Confessions: Adventures in the Awesomely Awful
ScyFy Movies
We all have them: guilty pleasures. Those shows we don't tell our friends we watch, those movies we see over and over when we don't want to think, the books we hide under our beds. In Confessions, I try to explore what makes these particular pop-culture gems so compelling, and try to exorcise some of the bad mojo that surrounds them.

I'm generally a big fan of kitsch, camp, and anything considered "so bad it's good." It's the main drive behind this column, obviously. But perhaps the most legitimately "bad" obsession I have is ScyFy movies. Not SciFi: there are plenty of great science fiction films that don't need the "so bad it's good" qualifier. I'm talking the ScyFy channel and its slate of thoroughly B-rate movies about giant monsters and unlikely military conspiracies. The most notable batch is what I've termed the "Mega(blank) vs. (Blank)" series: Mega Shark vs. Giant Octopus(2009), Mega Shark vs. Crocosaurus(2010), and Mega Python vs. Gatoroid(2011).

As with most things featured in Confessions my love of ScyFy B-movies started with a joke and a considerable amount of booze. One hot DC summer night, my roommate and I determined it was too humid to exist and decided to invite some friends over for a ridiculous movie night. When our guests showed up with bottles of Andre for each person in attendance, we knew pretty quickly what kind of night it was going to be. Because really, you get what you pay for, and when the receipt reads $5 for a bottle and less for each film than I pay in rent annually, you know you're in for a ride.

These movies are the ultimate exercise in camp, employing a slate of "actors," using the term in the most liberal sense possible, who obviously would never, ever find work if not for this niche. Shitty accents combine with irrevocably awful delivery to make just the least convincing performances ever. But that seems to be the point. We aren't meant to believe that any of this is, or could ever be, real. It's the opposite of verisimilitude. These movies revel in being bad. They are (I hope"¦.) highly aware of the incredible level of awful they reach.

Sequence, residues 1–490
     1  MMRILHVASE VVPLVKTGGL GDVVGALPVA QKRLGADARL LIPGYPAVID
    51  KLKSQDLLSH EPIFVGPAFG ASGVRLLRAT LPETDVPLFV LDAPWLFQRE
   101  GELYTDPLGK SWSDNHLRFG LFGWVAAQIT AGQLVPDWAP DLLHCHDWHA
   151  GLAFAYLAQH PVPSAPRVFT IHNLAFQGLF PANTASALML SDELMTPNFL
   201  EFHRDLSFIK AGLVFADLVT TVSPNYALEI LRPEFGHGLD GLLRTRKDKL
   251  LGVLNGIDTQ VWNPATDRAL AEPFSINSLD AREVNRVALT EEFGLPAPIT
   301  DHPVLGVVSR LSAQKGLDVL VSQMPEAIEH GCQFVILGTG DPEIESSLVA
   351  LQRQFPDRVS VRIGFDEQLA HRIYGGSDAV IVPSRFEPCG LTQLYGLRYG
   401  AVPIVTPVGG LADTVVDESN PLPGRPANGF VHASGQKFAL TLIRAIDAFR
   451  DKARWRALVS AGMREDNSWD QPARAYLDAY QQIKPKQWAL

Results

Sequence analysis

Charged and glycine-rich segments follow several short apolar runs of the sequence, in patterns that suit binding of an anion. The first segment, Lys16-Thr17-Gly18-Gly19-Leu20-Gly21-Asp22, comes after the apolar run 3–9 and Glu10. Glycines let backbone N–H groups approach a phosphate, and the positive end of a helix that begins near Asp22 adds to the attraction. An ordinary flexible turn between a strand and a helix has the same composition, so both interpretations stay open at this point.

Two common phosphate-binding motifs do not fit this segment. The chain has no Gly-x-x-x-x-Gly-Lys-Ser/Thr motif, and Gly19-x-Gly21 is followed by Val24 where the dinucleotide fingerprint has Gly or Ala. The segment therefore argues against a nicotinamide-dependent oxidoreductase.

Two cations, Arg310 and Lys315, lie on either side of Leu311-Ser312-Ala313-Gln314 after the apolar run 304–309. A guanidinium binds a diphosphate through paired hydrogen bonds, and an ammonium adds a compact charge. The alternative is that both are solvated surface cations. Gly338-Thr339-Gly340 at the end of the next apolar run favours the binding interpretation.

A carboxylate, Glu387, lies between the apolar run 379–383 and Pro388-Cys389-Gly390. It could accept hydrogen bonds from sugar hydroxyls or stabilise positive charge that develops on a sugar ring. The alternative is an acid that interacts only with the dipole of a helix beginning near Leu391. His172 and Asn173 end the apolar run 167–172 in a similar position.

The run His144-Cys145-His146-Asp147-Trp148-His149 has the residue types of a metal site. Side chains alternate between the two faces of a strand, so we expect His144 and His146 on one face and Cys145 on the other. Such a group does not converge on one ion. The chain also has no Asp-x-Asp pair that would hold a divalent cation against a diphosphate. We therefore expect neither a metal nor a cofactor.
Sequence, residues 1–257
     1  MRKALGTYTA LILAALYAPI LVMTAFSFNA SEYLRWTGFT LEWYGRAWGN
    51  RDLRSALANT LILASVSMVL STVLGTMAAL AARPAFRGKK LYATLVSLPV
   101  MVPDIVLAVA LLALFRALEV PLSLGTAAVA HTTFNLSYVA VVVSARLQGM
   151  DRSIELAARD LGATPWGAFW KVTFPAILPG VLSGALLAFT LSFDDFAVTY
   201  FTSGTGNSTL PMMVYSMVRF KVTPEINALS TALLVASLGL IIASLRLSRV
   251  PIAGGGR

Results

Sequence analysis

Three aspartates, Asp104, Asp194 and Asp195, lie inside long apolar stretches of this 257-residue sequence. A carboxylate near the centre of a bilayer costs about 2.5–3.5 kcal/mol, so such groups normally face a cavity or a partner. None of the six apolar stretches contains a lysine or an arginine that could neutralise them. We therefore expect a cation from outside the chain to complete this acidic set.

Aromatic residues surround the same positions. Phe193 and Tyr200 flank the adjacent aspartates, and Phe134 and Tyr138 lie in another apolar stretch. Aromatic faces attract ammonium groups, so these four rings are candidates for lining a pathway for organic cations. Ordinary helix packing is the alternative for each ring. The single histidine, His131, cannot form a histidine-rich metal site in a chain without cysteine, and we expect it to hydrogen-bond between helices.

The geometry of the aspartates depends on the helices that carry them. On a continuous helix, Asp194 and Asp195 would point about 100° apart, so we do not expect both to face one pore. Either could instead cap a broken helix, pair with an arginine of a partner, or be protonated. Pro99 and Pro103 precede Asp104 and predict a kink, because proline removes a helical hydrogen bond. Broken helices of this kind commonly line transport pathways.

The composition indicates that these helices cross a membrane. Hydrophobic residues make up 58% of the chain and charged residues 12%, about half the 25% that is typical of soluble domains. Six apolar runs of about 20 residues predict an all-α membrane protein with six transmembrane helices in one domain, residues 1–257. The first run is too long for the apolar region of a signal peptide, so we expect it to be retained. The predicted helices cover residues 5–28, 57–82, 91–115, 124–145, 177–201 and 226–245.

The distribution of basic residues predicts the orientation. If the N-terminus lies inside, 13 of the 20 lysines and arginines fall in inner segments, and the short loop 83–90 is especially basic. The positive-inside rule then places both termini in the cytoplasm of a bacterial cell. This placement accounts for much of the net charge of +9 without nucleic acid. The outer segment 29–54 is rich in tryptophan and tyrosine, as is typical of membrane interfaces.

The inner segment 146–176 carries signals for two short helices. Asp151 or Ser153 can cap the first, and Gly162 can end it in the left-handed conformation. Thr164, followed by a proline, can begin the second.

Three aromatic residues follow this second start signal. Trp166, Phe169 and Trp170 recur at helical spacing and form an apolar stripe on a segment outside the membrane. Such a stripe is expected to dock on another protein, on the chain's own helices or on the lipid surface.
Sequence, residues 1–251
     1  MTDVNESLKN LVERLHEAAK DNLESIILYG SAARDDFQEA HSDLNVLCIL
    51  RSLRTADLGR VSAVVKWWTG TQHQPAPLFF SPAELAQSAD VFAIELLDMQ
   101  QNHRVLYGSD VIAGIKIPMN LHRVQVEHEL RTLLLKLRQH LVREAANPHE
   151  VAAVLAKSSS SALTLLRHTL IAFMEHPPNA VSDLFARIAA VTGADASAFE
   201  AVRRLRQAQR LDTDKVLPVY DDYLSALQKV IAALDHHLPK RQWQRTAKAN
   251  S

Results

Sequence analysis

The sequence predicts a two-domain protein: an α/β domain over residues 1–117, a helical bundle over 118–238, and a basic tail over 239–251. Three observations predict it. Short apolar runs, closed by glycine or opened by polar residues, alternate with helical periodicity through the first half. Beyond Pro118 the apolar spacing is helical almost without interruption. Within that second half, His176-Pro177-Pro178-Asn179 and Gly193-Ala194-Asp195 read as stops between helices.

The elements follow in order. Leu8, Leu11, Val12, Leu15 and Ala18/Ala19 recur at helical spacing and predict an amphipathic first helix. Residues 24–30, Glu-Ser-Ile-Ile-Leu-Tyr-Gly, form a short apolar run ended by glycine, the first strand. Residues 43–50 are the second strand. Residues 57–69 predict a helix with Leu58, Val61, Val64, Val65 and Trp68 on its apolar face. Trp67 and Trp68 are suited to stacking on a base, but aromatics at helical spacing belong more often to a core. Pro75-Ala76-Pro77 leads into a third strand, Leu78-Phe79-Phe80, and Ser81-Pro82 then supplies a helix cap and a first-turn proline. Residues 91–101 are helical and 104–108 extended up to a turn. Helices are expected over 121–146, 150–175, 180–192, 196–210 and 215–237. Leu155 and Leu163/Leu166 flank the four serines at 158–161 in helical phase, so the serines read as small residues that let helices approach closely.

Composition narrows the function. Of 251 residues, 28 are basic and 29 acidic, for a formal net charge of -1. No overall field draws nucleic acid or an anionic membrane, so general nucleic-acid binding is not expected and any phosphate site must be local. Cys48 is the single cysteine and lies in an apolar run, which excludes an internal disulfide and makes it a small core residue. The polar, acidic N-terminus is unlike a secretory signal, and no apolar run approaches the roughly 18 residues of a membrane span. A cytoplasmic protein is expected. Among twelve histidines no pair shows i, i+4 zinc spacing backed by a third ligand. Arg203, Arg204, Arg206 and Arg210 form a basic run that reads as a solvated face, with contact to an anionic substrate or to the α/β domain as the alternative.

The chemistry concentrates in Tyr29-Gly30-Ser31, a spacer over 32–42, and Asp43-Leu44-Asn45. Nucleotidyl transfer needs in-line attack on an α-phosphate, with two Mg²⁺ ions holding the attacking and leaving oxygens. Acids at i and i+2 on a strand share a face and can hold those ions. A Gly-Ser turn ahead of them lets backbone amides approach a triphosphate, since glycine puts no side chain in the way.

But what makes these movies great is the honesty and imagination that takes the forefront in each of them. They seem to say there are things out there we don't know about, possibilities that are endless and limited by our imaginations alone (not even a lack of technical ability can slow the drive to bring these monsters to the screen). I mean, they completely throw of the constraints of reality by eschewing any expectation of aesthetic realism. The plots almost never make sense, lost in twisted government conspiracies, military ineptitude, and intricate circumstances. Cover all that in cheesy sentiment, unrealistic science, and generally filthy story lines and you've got the perfect storm of guilty pleasure attributes.

Let's talk about the phenomenon that started it all: Mega Shark vs. Giant Octopus. Because really, there's nothing as special as your first time. The washed-up B-list talent in this gem includes Lorenzo Lamas as an angry, trigger-happy government official and Deborah Gibson (aka Debbie Gibson, 80s teen pop star), a rogue marine scientist who, unfortunately, insists on referring to herself as a mermaid.